and pearls and innumerable jewels" that were, strictly speaking,
the property of the Queen.48 When, sometime before 1528, the
King had an affair with the volatile Mrs. Amadas, wife of
Robert Amadas, the Master of his Jewel House, that lady, who
was given to tantrums and strange visions, made no secret
of the fact that William Compton had made his house in Thames
Street available for their trysts 49 --a cir-cumstance that
gives credence to Caroz's assertion that Compton had acted
for Henry in the Stafford affair.
Reginald Pole, the King's cousin, declared that Anne Boleyn,
in refusing to sleep with Henry, had borne in mind "how soon
he was sated with those who had served him as his mistress."50
The King's physician, Dr. John Chamber, described his master
as being "overly fond of women" and given to "lustful dreams."51
Even William Thomas, who wrote a laudatory biography of his
master around the time of Henry's death, admitted that "it
cannot be denied but that he was a very fleshly man, and no
marvel, for albeit his father brought him up in good learn-ing,
yet after he fell into all riot and overmuch love of women."
was accused by his enemies of being "the King's bawd, showing
him what women were most wholesome and best of complexions,"52
and although he vigorously denied the charge, it is not entirely
implausible. A later Catholic observer claimed that "King
Henry gave his mind to three notorious vices--lechery, covetousness
and cruelty, but the two latter issued and sprang out of the
former."53 The Elizabethan courtier Sir Robert Naunton later
stated what was by then well known, that Henry never spared
a man in his anger nor a woman in his lust.54
this, Henry considered himself a paragon of virtue, and it
is often said that, compared with other rulers such as Edward
IV and Francis I, he was. But the truth is that he was an
inhibited man who was far more discreet about his amours than
most kings. The fact that he had separate apartments from
the Queen, and visited her bed only at his own instigation,
made covert infidelity that much easier. Despite what Pole
claimed, some of Henry's affairs went on in private for years,
as will be seen. There is evidence that he used Greenwich
Castle, the former Duke Humphrey's Tower, which he refurbished
in 1526 and renamed Mire-flore, as a residence for his mistresses.55
was never coarse in speech, nor did he appreciate bawdy jokes.
Once, when travelling by barge to Greenwich Castle to visit
"a fair lady whom he loved and lodged in the tower of the
park" (her identity is unknown), he was "disposed to be merry"
and challenged Sir Andrew Flammock to complete a verse for
him. Henry began it:
There lieth a flower
That hath my heart . .
the foul-minded Flammock added:
She pissed full sour
And let a fart.
was so offended that he spluttered, "Begone, varlet!" and
waved the man out of his sight.56 In 1542, Sir William Paget
felt he ought to apologise for having to report King Francis
I's "unseemly" declaration that he would rather "give his
daughter to be a strumpet of the bordello" than face the Emperor
prudishness manifested itself in other ways. Henry, who had
three marriages annulled, angrily censured his sister Margaret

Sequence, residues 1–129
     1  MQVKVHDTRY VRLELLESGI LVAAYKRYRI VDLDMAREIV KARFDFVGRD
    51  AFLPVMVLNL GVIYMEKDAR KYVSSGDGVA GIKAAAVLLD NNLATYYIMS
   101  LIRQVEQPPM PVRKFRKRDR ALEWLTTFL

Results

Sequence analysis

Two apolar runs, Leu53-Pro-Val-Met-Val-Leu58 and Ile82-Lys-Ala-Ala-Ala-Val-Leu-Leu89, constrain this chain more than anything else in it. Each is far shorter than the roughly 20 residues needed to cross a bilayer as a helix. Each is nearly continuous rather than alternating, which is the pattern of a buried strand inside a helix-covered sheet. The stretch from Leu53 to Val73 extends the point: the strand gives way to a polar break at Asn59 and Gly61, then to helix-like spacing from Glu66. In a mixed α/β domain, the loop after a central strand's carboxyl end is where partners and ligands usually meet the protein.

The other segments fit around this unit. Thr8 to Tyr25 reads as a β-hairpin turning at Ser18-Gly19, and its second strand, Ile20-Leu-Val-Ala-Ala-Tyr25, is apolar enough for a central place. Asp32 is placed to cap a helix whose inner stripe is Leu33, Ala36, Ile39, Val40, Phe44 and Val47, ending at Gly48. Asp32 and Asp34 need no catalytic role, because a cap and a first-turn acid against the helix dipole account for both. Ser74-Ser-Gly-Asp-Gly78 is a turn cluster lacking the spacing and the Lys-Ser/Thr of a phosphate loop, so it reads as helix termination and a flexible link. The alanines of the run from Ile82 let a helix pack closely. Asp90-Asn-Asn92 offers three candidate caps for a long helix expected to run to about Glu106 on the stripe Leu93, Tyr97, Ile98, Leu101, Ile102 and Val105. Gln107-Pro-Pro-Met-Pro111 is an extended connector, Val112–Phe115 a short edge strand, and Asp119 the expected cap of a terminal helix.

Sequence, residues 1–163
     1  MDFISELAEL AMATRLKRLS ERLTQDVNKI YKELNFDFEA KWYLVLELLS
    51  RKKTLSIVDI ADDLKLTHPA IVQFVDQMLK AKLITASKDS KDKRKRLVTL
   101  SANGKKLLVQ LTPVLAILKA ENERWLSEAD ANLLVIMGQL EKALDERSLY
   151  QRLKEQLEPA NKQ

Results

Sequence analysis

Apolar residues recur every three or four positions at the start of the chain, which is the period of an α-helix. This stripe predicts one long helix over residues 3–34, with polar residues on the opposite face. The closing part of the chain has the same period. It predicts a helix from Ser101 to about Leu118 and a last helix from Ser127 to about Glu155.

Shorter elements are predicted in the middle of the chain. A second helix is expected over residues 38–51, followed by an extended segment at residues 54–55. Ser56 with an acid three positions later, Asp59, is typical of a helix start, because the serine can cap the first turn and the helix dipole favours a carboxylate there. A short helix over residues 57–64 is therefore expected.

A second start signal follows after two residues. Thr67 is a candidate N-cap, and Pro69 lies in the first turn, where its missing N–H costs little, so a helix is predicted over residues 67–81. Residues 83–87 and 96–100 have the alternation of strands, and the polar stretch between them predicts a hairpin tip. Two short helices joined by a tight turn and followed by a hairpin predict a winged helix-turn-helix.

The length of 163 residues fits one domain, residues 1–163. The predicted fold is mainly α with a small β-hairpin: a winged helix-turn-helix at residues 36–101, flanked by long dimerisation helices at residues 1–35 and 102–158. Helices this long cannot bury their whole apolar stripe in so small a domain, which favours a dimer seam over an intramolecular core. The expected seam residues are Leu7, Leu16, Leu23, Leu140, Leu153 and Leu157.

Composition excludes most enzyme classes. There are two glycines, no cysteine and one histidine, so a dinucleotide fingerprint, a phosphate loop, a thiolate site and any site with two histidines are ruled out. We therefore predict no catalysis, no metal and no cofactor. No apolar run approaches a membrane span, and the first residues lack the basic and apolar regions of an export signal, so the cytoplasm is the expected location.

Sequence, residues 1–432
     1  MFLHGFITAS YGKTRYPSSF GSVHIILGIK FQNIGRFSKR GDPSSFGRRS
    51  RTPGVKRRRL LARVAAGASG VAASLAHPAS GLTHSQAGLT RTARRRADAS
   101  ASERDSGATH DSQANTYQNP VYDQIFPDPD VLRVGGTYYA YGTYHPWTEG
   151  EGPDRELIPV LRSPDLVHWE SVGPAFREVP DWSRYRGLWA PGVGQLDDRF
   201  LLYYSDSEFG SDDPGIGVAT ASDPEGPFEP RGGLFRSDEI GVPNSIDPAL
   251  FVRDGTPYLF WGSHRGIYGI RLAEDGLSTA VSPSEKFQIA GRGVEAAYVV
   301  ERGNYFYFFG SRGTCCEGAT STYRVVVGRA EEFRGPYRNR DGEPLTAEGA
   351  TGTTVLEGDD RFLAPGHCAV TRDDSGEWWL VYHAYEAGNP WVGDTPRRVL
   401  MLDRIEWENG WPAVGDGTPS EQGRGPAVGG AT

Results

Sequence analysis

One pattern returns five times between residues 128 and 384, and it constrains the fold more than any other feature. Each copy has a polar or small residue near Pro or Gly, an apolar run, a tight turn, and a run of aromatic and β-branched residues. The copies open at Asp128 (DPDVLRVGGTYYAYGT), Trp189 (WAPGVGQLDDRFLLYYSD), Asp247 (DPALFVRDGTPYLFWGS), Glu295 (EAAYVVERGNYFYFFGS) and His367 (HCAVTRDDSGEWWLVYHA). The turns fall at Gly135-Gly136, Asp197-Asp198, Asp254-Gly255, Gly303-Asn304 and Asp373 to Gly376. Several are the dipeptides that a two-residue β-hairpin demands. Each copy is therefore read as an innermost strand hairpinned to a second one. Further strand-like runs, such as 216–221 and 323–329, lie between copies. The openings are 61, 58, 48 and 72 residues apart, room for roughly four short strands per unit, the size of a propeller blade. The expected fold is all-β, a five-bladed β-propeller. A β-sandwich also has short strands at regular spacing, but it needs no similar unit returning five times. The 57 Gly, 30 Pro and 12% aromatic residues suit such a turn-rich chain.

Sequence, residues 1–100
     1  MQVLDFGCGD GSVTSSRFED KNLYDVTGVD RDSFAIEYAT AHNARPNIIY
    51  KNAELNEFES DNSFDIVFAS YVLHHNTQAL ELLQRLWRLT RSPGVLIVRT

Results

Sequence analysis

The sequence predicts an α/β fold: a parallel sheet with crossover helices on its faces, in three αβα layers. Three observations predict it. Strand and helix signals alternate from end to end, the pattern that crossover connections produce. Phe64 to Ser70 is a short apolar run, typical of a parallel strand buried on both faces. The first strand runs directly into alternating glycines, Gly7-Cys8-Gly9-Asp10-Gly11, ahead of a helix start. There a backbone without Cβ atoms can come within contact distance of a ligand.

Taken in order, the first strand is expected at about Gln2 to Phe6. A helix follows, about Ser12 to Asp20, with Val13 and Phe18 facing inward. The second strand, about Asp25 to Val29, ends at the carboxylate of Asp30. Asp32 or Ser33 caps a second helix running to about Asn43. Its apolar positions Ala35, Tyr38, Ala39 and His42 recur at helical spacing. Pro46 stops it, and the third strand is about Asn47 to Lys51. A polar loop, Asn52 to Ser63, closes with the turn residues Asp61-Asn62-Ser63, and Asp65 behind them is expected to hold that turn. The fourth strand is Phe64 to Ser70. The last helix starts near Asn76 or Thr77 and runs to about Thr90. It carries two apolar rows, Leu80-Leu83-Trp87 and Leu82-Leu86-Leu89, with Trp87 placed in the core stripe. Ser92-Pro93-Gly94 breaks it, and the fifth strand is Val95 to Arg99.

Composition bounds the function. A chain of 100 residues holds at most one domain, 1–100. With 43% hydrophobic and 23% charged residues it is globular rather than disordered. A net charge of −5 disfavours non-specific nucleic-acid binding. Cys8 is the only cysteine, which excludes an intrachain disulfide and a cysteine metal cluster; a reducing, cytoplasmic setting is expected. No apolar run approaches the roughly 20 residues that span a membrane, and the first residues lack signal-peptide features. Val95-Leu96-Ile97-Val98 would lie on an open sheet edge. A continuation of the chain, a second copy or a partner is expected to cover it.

when she divorced her husband in order to marry another man.
He was harsh on the prostitutes who followed his armies, and
rigorous in suppressing the brothels that had disfigured the
Southwark shore of the Thames for centuries.
could be openly demonstrative towards the women he loved,
but never embarrassingly so. It has been suggested that he
was not an in-spiring or romantic lover, but his letters to
Anne Boleyn, which will be quoted later, prove that he was
capable of deep passion and sentimental feeling. The fact
that Anne Boleyn held him off for at least six years proves
not that Henry lacked ardour, but that he was too much of
a knight and a gentleman to resort to rape.
acknowledged only one bastard, although rumour credited him
with more; this was probably the result of luck or carefulness.
Some writers have suggested that it implies a low level of
fertility, but that does not take account of the fact that
Henry repeatedly impregnated his first two wives. It has also
been suggested that, given his assertion that two of his marriages
were incestuous and therefore unlawful,58 Henry was the victim
of an Oedipus complex, but in fact this was a quite legitimate
plea to make in each case, and not enough is known of Henry's
relationship with his mother to justify such a claim.
told about the King was certainly apocryphal. Sir Thomas More's
nephew, William Rastell, and the Jesuit exile Nicholas Sander,
who in 1585 wrote a Catholic treatise damning Henry and his
second wife, Anne Boleyn, both claimed that Anne was the fruit
of an early affair between the King and her mother, Elizabeth
Howard. The story was certainly current at court, and in 1535
a Member of Parliament, Sir George Throckmorton, accused Henry
to his face of "meddling" with both Anne's mother and her
with the mother," Henry said.
with the sister either," lied Cromwell,59 who was standing
by and must have been well aware that the King had had an
affair with Mary Boleyn (of which more will be related later).
But Henry was probably under ten when Anne was conceived,
and could not possibly have been her father. Yet there may
have been smoke without fire. Despite his denial, an early
liaison, while he was perhaps in his teens, with Lady Boleyn
cannot be ruled out.